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Book Review: Wine Cellar Porn for Your Coffee Table

living_with_wine_cover.jpgI think the very nature of coffee table books encourage them to be over the top. What else do we want, lounging around in the living room, than to be transported to someplace wonderful? A good coffee table book is better than TV in my opinion, if only because you want to experience it multiple times, which is more than I can say for pretty much any given TV show episode.

I've now leafed through both The Most Beautiful Wine Cellars in the World and Living With Wine several times, and probably will again. While it's somewhat crude to us the word pornography to describe each of these tomes, perhaps the authors and those familiar with the increasingly acceptable phrase "food porn" will forgive me. The books, replete with centerfold after centerfold of stunning images from wine cellars around the world, are surely the wine collector's version of Playboy, albeit more highbrow. One focuses mostly on the wine cellars of some of the world's greatest wineries, the other focuses on private cellars. Together they represent a drool-worthy composition of what you get when you combine design, history, architecture, wine, and (almost always) gobs and gobs of money.

Living With Wine, by Samantha Nestor with text by Alice Feiring and wine_cellars_cover.jpgPhotographs by Andrew French came out last year in time for the holiday gift-giving season, and offers an intimate view into roughly thirty temples built to honor that luxury of luxuries: the wine collection.

Most of the cellars showcased in Living with Wine are in private homes, though the book includes New York restaurants Alto and Adour. Ranging from the stark modern expanse of an Asian influenced museum piece to a barrel-vaulted, limestone brick nave, the cellars are beautifully lit and photographed. Each includes a profile of the owner (though some remain anonymous) and often some dialogue with the designer or architect. As if the money shots of magnums of grand cru Burgundies or California cult cabs weren't enough, the profiles also include a listing of the owners most prized bottles.

To some, the very notion of a wine collection -- at least one that contains valuable bottles to be cherished for a time as opposed to just a few more than can be drunk in a single setting -- represents a sort of overt luxury that is not only out of reach, but distasteful. Anyone who might scoff at the pages of the Robb Report or Architectural Digest, will find plenty to disdain in the pages of Living With Wine, which clearly showcases a wanton disregard for cost as much as it does the craft of showcasing wine collections big and small. But that, after all, is part of the fantasy, is it not?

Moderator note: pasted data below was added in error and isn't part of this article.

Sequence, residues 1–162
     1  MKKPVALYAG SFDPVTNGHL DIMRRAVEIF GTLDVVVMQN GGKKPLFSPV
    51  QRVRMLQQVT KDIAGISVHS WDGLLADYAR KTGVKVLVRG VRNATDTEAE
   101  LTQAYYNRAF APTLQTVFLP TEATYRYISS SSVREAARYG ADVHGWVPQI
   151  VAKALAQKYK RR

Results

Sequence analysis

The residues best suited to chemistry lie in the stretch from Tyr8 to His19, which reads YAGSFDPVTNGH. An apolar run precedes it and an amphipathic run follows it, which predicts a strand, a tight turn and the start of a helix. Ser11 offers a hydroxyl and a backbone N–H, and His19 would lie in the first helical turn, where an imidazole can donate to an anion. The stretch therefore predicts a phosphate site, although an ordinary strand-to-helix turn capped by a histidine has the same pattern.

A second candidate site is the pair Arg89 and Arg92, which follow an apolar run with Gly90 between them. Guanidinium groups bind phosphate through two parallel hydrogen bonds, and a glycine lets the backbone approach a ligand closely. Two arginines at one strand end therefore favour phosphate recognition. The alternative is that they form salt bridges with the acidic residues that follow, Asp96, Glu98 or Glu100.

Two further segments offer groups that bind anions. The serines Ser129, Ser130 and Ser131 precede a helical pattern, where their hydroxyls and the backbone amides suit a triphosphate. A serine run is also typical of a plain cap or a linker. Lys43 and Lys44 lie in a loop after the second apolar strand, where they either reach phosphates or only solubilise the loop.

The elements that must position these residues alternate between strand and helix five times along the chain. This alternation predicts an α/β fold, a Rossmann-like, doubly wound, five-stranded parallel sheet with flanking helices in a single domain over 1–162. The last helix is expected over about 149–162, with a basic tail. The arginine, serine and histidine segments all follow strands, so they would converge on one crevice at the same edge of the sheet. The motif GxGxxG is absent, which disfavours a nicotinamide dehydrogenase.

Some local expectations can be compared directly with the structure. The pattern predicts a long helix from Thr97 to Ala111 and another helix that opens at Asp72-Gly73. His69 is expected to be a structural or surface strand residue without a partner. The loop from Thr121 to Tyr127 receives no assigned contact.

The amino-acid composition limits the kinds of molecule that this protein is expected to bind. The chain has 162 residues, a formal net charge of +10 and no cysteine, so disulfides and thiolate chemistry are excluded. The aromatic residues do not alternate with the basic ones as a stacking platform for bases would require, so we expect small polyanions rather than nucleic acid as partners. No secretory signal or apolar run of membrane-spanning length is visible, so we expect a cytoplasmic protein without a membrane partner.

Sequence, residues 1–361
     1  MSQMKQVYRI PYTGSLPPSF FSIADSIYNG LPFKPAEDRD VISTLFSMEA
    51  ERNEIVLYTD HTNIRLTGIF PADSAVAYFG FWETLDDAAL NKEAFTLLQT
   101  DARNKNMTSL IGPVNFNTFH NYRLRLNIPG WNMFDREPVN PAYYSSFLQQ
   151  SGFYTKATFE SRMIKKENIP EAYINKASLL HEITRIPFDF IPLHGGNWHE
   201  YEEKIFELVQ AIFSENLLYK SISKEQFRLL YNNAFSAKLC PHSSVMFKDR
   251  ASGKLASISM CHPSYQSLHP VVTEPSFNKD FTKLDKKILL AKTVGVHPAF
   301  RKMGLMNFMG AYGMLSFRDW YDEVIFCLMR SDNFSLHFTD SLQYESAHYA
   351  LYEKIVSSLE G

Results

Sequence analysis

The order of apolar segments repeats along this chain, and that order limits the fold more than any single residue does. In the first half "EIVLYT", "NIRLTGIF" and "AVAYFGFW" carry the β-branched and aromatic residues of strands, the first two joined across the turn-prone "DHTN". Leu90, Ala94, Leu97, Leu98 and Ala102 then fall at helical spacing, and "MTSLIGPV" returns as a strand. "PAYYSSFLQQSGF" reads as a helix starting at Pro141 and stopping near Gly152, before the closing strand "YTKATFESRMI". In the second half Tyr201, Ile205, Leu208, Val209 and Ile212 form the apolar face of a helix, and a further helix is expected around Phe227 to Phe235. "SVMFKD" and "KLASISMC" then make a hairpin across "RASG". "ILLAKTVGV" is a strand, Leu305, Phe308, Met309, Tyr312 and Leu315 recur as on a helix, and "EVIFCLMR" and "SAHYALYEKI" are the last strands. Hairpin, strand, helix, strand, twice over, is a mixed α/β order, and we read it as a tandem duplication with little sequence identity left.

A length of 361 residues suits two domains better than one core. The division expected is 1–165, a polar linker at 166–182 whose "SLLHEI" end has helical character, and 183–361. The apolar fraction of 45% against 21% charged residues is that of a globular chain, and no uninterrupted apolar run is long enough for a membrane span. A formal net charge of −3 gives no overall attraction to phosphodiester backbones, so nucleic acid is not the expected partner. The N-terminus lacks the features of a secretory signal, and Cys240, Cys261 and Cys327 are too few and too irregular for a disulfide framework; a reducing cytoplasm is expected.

If Living with Wine gives us the opportunity to fantasize about what we might like to build for ourselves, The Most Beautiful Wine Cellars in the World, edited by Astrid Fobelets, Jurgen Lijcops, and Janneke Sinot, on the other hand gives us the opportunity to fantasize about where we might like to visit. Instead of private homes (though the book does include a few stunning private cellars) its pages reveal the "back rooms" of some of the world's greatest wine estates, hotels, and restaurants.

Lacking a table of contents or any apparent organizational principle (that's just how much the editors want you to simply flip your way through) and offering only a paragraph or three about each location, The Most Beautiful Wine Cellars in the World becomes simply a visual feast of Old World wine history embodied in the remarkable fusion of glass bottles and architecture.

My eyes widened with delight at the incredible crypt-like staircase that leads to the cellar of the hotel Don Alfonso south of Naples, Italy; I marveled at the quarry-hewn caves of Chateau Ausone in Bordeaux; and I delighted at a view of the vaults of dusty bottles in the cellars of Massandra in the Ukraine and Chateau Ksara in Lebanon that I have imagined while appreciatively sipping their progeny.

Anyone whose pulse quickens at a pile of bottles overgrown with mold (but not so much that you can't read the little sign: 1934 Clos Vougeot) will want to ensure they enjoy The Most Beautiful Wine Cellars in the World with a full glass of red wine. A pencil and notebook may come in handy as well, to write down all the places that need to be added to the bucket list of places to see (and drink) before you die.

Both Living with Wine and The Most Beautiful Wine Cellars in the World offer many different flavors of perfection when it comes to the celebration of wine in ways that don't involve actually opening a bottle. The armchair collector and armchair traveler will find inspiration in both.

Samantha Nestor, Living With Wine, Clarkson Potter 2009, $47.25, (Hardcover).

Astrid Fobelets, Jurgen Lijcops, and Janneke Sinot, editors, The Most Beautiful Wine Cellars in the World, 2nd ed., Van den Heuvel 2009, $56.39, (Hardcover).

Full disclosure: I received review copies of these books.

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Required Reading for Wine Lovers

The Oxford Companion to Wine by Jancis Robinson Wine Grapes The World Atlas of Wine by Hugh Johnson to cork or not to cork by George Taber reading between the vines by Terry Theise adventures on the wine route by Kermit Lynch Love By the Glass by Dorothy Gaiter & John Brecher Noble Rot by William Echikson The Science of Wine by Jamie Goode The Judgement of Paris by George Taber The Wine Bible by Karen MacNeil The Botanist and the Vintner by Christy Campbell The Emperor of Wine by Elin McCoy The Taste of Wine by Emile Peynaud